A Quick Response Code, or QR code, is a type of two-dimensional bar code designed to have faster readability and greater storage capacity than standard bar codes. A QR code consists of square black dots set in a square grid on a plain white background. Originally developed for the automotive industry in Japan, in recent years QR codes have spread to other fields.
Denso Wave, a Toyota subsidiary, invented the QR code in 1994, intending to use its capacity for high-speed component scanning to track vehicles during manufacture. These new codes are intended to be read by semiconductor image sensors and digitally analyzed by a programmed processor. The processor begins by locating the three distinctive squares located in the corners, then uses the fourth corner to normalize for size, location and angle. The smaller squares form a binary message and are checked with a error-correcting code.
QR codes were originally designed for use in industry, but in recent years retailers and marketers have seized upon their potential for quick scanning and processing. The QR code's ability to interact with mobile devices makes it a particularly common tool for use in mobile commerce.
Almost any modern mobile device with data capabilities can scan QR codes, either natively or thanks to a third-party application. Apple's iOS, for instance, cannot read QR codes on its own, but there are more than fifty scanning apps available including Google Goggles. BlackBerry devices can use the App World application to scan QR codes and load any associated URL automatically. Android devices, Windows Phone 7.5 and the Nintendo 3DS also have QR capabilities.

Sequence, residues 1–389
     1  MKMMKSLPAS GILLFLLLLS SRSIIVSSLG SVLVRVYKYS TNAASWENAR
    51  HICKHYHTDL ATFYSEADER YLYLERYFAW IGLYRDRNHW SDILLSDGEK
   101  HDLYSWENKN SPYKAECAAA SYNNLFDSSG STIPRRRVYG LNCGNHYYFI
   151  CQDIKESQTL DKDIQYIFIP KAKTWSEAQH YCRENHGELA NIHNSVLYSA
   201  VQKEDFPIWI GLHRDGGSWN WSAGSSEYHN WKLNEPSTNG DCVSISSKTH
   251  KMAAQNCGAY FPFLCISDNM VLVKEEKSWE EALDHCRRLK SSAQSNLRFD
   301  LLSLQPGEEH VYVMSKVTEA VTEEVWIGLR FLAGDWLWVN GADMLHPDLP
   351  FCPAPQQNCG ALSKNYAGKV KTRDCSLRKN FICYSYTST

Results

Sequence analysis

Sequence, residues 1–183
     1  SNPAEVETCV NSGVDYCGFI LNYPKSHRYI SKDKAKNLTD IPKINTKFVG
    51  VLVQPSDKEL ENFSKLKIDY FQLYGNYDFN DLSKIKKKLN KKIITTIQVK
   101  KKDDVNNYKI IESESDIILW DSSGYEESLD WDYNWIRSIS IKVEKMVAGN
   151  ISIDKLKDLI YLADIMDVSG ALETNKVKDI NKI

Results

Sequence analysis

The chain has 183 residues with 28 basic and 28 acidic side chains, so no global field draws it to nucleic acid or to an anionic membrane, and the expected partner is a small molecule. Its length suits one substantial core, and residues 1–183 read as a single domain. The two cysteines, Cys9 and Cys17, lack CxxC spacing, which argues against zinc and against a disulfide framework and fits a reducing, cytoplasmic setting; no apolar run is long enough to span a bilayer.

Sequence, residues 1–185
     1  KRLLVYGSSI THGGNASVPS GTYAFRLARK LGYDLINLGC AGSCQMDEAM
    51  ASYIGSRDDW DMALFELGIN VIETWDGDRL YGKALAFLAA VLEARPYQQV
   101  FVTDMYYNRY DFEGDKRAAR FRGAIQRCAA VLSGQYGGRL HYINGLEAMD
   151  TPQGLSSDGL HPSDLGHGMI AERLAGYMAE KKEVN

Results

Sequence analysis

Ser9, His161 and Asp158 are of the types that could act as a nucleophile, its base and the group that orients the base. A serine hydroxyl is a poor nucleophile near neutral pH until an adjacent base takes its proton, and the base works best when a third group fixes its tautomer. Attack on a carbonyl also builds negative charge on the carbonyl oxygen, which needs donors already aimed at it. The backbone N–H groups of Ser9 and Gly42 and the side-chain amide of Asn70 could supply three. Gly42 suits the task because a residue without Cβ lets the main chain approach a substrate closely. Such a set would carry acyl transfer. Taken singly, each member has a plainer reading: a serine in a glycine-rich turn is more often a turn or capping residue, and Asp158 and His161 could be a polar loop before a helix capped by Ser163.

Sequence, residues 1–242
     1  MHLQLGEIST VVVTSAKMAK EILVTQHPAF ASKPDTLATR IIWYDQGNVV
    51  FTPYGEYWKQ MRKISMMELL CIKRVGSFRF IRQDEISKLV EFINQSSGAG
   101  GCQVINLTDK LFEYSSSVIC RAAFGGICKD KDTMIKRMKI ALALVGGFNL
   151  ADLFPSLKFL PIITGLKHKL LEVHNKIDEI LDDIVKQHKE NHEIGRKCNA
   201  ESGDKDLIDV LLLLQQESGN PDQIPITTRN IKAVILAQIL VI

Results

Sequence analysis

Used in this context, the QR code compensates somewhat for one of the great disadvantages of mobile Web browsing. Typing a URL on a mobile device can be frustrating and time-consuming for many users; scanning a code and being immediately directed to the appropriate website is substantially easier.
Because scanning QR codes requires almost no effort on the consumer's part, they have become a key part of many advertising strategies in the retail industry. Including a QR code in an advertisement brings the viewer straight to the advertiser's website, where he or she can then be immediately exposed to a longer, more detailed sales pitch. QR codes are highly convenient for users, which leads directly to higher customer satisfaction rates. More importantly, the QR code's ability to send viewers directly to more information leads to a higher conversion rate; that is, a higher percentage of responses actually turn into sales.
A small but growing number of retailers are relying on QR codes to sell products directly to consumers. These virtual stores allow customers to buy items by just scanning pictures of the products they want on a wall of QR codes, then wait for a delivery to bring those items straight to their homes.
In the world of mobile commerce, QR codes are an increasingly common way to process payments remotely. A QR code can be used to store credit card or bank account information for payment access, or it can be linked directly to a payment provider application. A specialized QR code called a Short Payment Descriptor is seeing increasing use in the Czech and Slovak Republics specifically for payment processing.
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